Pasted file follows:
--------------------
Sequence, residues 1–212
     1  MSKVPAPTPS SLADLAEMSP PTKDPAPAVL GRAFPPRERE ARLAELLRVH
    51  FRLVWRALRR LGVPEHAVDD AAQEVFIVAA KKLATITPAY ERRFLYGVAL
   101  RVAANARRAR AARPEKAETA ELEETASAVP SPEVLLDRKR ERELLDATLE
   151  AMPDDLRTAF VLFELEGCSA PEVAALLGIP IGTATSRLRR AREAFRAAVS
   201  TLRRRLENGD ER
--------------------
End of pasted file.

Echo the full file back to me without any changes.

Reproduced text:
Sequence, residues 1–212
     1  MSKVPAPTPS SLADLAEMSP PTKDPAPAVL GRAFPPRERE ARLAELLRVH
    51  FRLVWRALRR LGVPEHAVDD AAQEVFIVAA KKLATITPAY ERRFLYGVAL
   101  RVAANARRAR AARPEKAETA ELEETASAVP SPEVLLDRKR ERELLDATLE
   151  AMPDDLRTAF VLFELEGCSA PEVAALLGIP IGTATSRLRR AREAFRAAVS
   201  TLRRRLENGD ER